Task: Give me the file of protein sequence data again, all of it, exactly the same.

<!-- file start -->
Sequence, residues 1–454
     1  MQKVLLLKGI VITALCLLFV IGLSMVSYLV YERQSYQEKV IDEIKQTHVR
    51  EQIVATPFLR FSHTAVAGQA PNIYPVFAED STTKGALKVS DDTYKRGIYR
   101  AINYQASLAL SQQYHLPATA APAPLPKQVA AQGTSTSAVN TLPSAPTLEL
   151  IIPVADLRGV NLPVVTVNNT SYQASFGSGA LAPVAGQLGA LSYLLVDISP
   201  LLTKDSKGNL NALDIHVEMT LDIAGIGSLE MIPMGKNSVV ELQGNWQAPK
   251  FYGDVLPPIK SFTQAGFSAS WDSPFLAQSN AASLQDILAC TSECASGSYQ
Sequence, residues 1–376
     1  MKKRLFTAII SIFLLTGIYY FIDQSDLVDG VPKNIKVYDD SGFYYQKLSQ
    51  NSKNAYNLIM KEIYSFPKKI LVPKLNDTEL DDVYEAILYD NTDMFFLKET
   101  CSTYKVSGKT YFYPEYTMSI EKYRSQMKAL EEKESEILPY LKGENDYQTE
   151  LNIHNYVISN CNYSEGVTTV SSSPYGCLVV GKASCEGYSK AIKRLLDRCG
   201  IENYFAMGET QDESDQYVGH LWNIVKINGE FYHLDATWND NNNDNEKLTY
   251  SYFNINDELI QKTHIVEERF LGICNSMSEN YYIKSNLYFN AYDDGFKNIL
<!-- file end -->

Sequence, residues 1–454
     1  MQKVLLLKGI VITALCLLFV IGLSMVSYLV YERQSYQEKV IDEIKQTHVR
    51  EQIVATPFLR FSHTAVAGQA PNIYPVFAED STTKGALKVS DDTYKRGIYR
   101  AINYQASLAL SQQYHLPATA APAPLPKQVA AQGTSTSAVN TLPSAPTLEL
   151  IIPVADLRGV NLPVVTVNNT SYQASFGSGA LAPVAGQLGA LSYLLVDISP
   201  LLTKDSKGNL NALDIHVEMT LDIAGIGSLE MIPMGKNSVV ELQGNWQAPK
   251  FYGDVLPPIK SFTQAGFSAS WDSPFLAQSN AASLQDILAC TSECASGSYQ
Sequence, residues 1–376
     1  MKKRLFTAII SIFLLTGIYY FIDQSDLVDG VPKNIKVYDD SGFYYQKLSQ
    51  NSKNAYNLIM KEIYSFPKKI LVPKLNDTEL DDVYEAILYD NTDMFFLKET
   101  CSTYKVSGKT YFYPEYTMSI EKYRSQMKAL EEKESEILPY LKGENDYQTE
   151  LNIHNYVISN CNYSEGVTTV SSSPYGCLVV GKASCEGYSK AIKRLLDRCG
   201  IENYFAMGET QDESDQYVGH LWNIVKINGE FYHLDATWND NNNDNEKLTY
   251  SYFNINDELI QKTHIVEERF LGICNSMSEN YYIKSNLYFN AYDDGFKNIL